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Premier Houston sees no issue with former PC candidate appointment as head of aquaculture board

By Evan Taylor Feb 23, 2024 | 1:17 PM

Nova Scotia Premier Tim Houston has expressed confidence in the appointment of Tim Cranston, a former Progressive Conservative candidate, as the new chair of the Nova Scotia Aquaculture Review Board.

Amidst concerns about potential bias, particularly regarding the board’s upcoming decision on expanding fish farming in Liverpool Bay, Houston assured reporters that Cranston’s political background would not compromise the board’s independence.

Addressing inquiries following a recent cabinet meeting, Houston emphasized Cranston’s tenure on the board, highlighting his capacity for impartiality. “Mr. Cranston has been on that board for quite some time,” Houston stated. “He’s a free thinker. As a member of that board, he’ll listen to the evidence and hear the hearings.”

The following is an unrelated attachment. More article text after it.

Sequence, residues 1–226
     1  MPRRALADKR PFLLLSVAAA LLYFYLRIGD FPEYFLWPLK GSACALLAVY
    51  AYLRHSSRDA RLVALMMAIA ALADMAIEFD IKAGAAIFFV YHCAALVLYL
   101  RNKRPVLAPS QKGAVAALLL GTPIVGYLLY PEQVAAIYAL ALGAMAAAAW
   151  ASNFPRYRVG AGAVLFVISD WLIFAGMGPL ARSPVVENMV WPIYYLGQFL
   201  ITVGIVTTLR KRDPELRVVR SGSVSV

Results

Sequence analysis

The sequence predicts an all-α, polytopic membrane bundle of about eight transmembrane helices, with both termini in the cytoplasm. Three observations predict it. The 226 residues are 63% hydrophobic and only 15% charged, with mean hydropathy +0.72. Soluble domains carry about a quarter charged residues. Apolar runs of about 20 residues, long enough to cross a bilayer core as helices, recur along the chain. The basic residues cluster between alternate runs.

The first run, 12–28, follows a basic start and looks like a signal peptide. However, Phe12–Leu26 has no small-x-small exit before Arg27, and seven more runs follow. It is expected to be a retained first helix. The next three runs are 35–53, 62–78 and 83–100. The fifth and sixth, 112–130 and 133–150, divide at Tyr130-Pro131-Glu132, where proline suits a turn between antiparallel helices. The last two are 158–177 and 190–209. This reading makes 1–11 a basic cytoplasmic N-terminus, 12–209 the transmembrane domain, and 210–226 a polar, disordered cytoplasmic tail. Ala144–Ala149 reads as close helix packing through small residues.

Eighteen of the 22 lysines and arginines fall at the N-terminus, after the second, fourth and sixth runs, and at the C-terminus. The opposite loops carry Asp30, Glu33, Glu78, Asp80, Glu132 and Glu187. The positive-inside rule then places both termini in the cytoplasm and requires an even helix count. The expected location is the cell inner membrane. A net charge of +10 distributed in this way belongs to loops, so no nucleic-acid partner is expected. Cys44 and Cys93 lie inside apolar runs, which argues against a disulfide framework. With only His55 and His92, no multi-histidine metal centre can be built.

The change in leadership occurred as Chairwoman Jean McKenna’s term expired on February 15.

McKenna had served as chairwoman since the board’s establishment in 2017 under the previous Liberal government. The transition comes at a critical juncture as Kelly Cove Salmon, a subsidiary of Cooke Aquaculture, seeks approval for an expansion of its fish farm operation in Liverpool Bay.

Kelly Cove’s application, submitted in 2019, proposes an increase in the number of pens at existing and new sites near Coffin Island, Brooklyn, and Mersey Point. The upcoming hearings, scheduled to commence on April 2 at the Best Western Plus in Liverpool, have garnered significant attention, with various groups granted intervenor status.

Among the intervenors are Protect Liverpool Bay, the Region of Queens, the Brooklyn Marina, 22 Lobster Fishermen of Liverpool Bay, and Kwilmu’kw Maw-Klusuaqn, representing the Acadia First Nation. Their involvement underscores the diverse interests and stakeholders invested in the decision-making process regarding aquaculture expansion in Nova Scotia.

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